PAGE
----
[This story was written by Matthew Warndorf, MD with Albany Gastroenterology Consultants and St. Peter’s Hospital Advanced Endoscopy and Hepatobiliary Center.]
According to the American Cancer Society, esophageal cancer makes up approximately 1 percent of all cancers diagnosed in the United States annually. As with most cancers, early detection of esophageal cancer is critical and the stage at which diagnosis occurs significantly impacts a patient’s chance of survival.
Unfortunately, screening for esophageal cancer is not as prevalent as it is with other cancers, and early stages of progression do not typically present with worsening symptoms. Therefore, most esophageal cancer is not discovered until it has progressed to later stages, which is demonstrated by an overall 5-year survival rate of approximately 20 percent.
There are two types of esophageal cancer: esophageal adenocarcinoma and squamous cell carcinoma. Esophageal adenocarcinoma is the most common and arises in the lower portion of the esophagus. Squamous cell carcinoma can arise anywhere in the esophagus. Risk factors for both types include increasing age; being male; alcohol and tobacco use; obesity; gastroesophageal reflux disease (GERD); and Barrett’s esophagus.
Many people think of heartburn as a “normal” or harmless occurrence. In some cases, this may be true, but chronic or severe acid reflux, also known as GERD, can cause changes to the lining of the esophagus, called Barrett’s esophagus. Patients with Barrett’s esophagus have a higher risk for developing esophageal adenocarcinoma.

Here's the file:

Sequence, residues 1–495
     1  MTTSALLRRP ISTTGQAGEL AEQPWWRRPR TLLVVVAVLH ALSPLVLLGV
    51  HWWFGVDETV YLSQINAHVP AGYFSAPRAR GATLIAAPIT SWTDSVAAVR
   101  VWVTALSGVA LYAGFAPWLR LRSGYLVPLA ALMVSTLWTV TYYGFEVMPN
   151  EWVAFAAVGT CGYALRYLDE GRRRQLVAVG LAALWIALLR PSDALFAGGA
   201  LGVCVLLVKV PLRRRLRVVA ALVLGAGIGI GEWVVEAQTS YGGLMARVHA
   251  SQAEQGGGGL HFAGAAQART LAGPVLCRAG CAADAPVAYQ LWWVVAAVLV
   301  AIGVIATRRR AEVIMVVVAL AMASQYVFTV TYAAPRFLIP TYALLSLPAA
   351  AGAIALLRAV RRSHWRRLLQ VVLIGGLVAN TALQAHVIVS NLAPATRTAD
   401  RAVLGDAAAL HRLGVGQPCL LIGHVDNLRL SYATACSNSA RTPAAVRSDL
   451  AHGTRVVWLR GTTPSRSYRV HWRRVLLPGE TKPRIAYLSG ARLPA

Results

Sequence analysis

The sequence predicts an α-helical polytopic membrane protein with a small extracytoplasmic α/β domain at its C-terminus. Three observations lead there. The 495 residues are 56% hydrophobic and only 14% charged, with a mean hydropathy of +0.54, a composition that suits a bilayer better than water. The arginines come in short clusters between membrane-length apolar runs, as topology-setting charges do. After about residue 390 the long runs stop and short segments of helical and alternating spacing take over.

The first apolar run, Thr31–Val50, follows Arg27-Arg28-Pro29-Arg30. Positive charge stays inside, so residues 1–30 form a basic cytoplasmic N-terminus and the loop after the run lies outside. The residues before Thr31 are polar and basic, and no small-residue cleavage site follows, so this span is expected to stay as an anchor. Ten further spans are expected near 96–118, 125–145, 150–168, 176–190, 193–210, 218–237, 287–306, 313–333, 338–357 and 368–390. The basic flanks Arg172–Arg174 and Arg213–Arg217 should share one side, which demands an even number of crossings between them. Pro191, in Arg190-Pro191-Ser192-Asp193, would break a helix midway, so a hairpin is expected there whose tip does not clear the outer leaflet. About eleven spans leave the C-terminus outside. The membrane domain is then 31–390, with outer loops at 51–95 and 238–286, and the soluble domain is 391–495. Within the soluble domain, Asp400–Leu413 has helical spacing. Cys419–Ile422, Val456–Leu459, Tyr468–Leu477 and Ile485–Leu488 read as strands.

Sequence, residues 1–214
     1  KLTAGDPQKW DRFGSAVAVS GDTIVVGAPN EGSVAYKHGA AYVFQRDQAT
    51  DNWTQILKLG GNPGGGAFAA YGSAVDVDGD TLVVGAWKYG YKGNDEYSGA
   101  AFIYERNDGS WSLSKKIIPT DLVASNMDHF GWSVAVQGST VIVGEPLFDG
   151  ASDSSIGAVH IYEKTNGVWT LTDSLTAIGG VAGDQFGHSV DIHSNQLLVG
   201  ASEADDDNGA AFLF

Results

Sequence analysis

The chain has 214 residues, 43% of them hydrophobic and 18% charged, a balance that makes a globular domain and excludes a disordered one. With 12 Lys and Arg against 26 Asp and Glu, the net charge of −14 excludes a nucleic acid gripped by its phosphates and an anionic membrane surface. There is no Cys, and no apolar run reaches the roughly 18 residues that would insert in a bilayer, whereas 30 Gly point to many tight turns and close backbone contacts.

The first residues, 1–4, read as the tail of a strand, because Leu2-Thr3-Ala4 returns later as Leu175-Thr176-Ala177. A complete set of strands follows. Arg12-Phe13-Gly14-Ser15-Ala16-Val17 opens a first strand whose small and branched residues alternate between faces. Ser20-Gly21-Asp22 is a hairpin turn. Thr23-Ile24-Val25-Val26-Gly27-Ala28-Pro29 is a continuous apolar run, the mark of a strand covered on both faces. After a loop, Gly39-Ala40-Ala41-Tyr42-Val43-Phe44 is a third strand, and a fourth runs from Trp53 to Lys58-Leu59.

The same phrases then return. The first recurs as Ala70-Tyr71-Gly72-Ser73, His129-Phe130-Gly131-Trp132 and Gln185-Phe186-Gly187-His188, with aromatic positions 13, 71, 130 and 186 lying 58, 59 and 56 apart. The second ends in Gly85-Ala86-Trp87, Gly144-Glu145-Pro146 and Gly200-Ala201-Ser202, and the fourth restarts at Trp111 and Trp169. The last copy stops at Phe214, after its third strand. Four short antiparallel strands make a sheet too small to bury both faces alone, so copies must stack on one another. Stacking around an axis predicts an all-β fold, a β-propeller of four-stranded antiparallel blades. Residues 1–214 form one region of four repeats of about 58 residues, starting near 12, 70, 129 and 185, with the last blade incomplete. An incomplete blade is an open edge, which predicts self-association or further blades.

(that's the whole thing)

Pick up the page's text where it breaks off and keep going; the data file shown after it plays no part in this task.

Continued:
Typical GERD symptoms include heartburn and regurgitation. Atypical GERD symptoms include cough and chest pain. Red flag, or worrisome, GERD symptoms include difficulty swallowing, pain with swallowing, and unintentional weight loss. If you experience any of these symptoms on a regular basis, please speak with a gastroenterologist, as they may recommend an upper endoscopy for further evaluation.
Upper endoscopy is an examination, completed under moderate sedation, using a thin and flexible tube with a tiny video camera and light at its tip. The procedure is typically quick, with a very low risk of complication. During the procedure, the doctor will examine your esophagus for conditions associated with GERD such as esophagitis or stricture, and may perform biopsies to test for Barrett’s esophagus.
In the event Barrett’s esophagus is detected, your doctor will talk to you about performing regular surveillance procedures to monitor this area closely. If Barrett’s esophagus with dysplasia, or precancerous cells, is identified, your doctor would then recommend endoscopic strategies to destroy, or remove, the Barrett’s tissue and prevent progression to esophageal cancer. Some superficial esophageal cancers can be removed endoscopically, while most will require surgical resection and possible chemotherapy.
It’s important to note, not all patients suffering with GERD will develop Barrett’s Esophagus or esophageal cancer, but it is often the first sign that you may be at risk. So please, talk to your doctor and act early!
Evidence shows that clinical outcomes are improved in centers that perform higher numbers of endoscopic procedures and cancer surgery. St. Peter’s Hospital Advanced Endoscopy & Hepatobiliary Center is at the forefront of interventional endoscopic procedures. We offer access to cutting-edge technology and expertise to maximize diagnostic and therapeutic treatment options.
For more information, please visit us at albanygi.com and https://www.sphp.com/find-a-service-or-specialty/gastroenterology/advanced-endoscopy-center, or please call 518-533-5000.